Appropriate assay samples types include: Adherent tissue culture cells Suspension-grown tissue culture cells Frozen cell pellets Fragmented tissue

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1. Before beginning the extraction, mix the Wash Buffer and all Extraction Buffers well by vortexing. During the extraction keep Cytosol Buffer, Membrane/Organelle Buffer, Nuclear Buffer, and Nuclease on ice and Cytoskeletal Buffer and Protease Inhibitor Cocktail at room temperature. The buffers must be completely thawed before starting the extraction. 2. Carefully remove the cell culture medium without disturbing the cell monolayer. 3. Wash the cell culture flasks containing the cell monolayers twice with 2 ml of the Wash Buffer for every 25 cm2 of cell surface area (12 ml for T-150, 6 ml for T-75, etc.). For optimal adherence of the cells during the extraction procedure, it is vital that the cells are in the logarithmic phase of growth at ~ 80% confluency. Wash the cells by gently mixing and removing the wash solution. 4. Add 1.0 ml of Cytosol Buffer and 3.0 µl Protease Inhibitor Cocktail for every 25 cm2 of cell surface area (6 ml for T-150, 3 ml for T-75, etc.) directly to each flask. Position flasks so that the reagents are in contact with the cells. 5. Incubate the flask at 4 °C for 10 minutes with constant rocking. 6. Remove Cytosol Buffer from the flask and set aside at 4 °C in an appropriate polypropylene tube. This solution is enriched in the cell's soluble cytosolic proteins. 7. Add 1 ml of ice-cold Membrane/Organelle Buffer and 3.0 µl Protease Inhibitor Cocktail for every 25 cm2 of cell surface area (6 ml for T-150, 3 ml for T-75, etc.) to the flask. Position flasks so that the reagents are in contact with the cells. Incubate the flask at 4 °C for 30 minutes with constant rocking. 8. Using a pipette, transfer the supernatant (membrane/organelle fraction) to a clean tube; take care not to disturb the remaining cell monolayer. Make sure that all liquid is removed. Store the membrane/organelle proteins on ice.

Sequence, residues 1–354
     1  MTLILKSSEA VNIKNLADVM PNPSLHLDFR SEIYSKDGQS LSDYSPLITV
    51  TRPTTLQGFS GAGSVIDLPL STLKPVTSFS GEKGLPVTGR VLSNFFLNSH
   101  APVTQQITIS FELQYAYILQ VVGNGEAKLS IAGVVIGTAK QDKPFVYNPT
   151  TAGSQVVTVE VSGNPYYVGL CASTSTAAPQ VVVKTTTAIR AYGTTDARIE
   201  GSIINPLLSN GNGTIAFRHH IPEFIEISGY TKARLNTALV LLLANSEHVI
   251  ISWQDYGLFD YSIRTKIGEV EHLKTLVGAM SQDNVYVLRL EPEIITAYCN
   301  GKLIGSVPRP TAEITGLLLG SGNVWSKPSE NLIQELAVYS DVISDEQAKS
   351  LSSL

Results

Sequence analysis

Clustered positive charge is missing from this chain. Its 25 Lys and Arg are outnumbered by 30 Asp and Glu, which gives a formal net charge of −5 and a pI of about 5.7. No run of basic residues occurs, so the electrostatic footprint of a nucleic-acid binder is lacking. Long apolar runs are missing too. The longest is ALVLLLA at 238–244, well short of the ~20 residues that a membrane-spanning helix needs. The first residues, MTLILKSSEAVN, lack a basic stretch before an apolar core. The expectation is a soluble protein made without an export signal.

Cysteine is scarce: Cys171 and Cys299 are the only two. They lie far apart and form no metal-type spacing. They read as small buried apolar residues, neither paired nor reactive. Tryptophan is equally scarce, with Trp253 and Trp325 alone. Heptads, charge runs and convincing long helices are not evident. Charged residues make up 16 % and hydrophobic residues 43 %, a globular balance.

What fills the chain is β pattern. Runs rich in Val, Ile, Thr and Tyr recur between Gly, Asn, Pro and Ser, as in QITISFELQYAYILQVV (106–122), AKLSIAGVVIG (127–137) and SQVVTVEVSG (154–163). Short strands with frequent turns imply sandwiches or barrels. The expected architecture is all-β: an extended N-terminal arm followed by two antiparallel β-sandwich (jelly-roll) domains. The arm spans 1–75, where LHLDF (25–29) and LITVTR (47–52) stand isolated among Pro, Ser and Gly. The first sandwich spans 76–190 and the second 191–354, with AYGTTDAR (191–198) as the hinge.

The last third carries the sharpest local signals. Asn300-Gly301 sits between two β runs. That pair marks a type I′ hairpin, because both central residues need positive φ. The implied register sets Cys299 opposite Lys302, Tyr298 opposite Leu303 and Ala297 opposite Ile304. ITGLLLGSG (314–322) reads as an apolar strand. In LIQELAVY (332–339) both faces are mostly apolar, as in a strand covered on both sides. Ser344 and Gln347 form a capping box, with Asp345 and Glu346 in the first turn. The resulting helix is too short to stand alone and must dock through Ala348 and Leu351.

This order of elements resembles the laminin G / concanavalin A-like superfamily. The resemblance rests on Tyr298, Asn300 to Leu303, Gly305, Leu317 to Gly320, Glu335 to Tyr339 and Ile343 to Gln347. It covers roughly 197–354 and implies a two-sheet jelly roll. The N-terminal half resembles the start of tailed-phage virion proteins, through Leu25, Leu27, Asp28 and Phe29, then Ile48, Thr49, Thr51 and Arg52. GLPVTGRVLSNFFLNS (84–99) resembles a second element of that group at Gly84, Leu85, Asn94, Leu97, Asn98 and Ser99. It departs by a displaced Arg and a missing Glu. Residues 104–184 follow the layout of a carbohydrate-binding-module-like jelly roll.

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9.

10. 11.

12.

13.

14.

Mix 500 µl ice-cold Nuclear Buffer with 5 µl Protease Inhibitor Cocktail and 1.5 µl Nuclease for every 25 cm2 of cell surface area (3 ml for T-150, 1.5 ml for T-75, etc.) to the flask and immediately add the mixture to the flask/dish without disturbing the cell monolayer. Carefully rotate the flask/dish until all cells are covered. Incubate for 10 minutes at 4 °C under gentle agitation (Note: if the cells detach, transfer the cells in the Wash Buffer to an appropriate centrifuge tube). Using a pipette, transfer the supernatant (Nuclear proteins) to a clean tube; take care not to disturb the remaining cell monolayer. Completely remove all the liquid. Store the nuclear proteins on ice. Mix 500 µl RT Cytoskeletal Buffer with 5 µl Protease Inhibitor Cocktail for every 25 cm2 of cell surface area (3 ml for T-150, 1.5 ml for T-75, etc.). Immediately add the mixture to the flask/dish. Carefully rotate the flask/dish until all remaining cell components are covered. The remaining cell structures will detach upon treatment with Cytoskeletal Buffer. After complete solubilization of the residual materials, transfer the extract (cytoskeletal proteins) to a clean tube. Store the cytoskeletal fraction on ice. (Please refer to the Technical Appendix). If the fractions are to be used immediately, continue to store on ice prior to performing any downstream applications and analyses. For long-term storage, dispense each fraction into aliquots (e.g., 100 µl) and freeze at -20 °C or -70 °C until use. For use of the fractions for 1- or 2-D gel electrophoresis, refer to the TROUBLESHOOTING GUIDE.

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1. Before beginning the extraction, mix the Wash Buffer and all Extraction